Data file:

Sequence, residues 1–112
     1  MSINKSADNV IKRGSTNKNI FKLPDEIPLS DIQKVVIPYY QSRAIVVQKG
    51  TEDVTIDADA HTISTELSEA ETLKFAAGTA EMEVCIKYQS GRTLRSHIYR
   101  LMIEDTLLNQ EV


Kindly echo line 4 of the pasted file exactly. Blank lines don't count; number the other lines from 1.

   101  LMIEDTLLNQ EV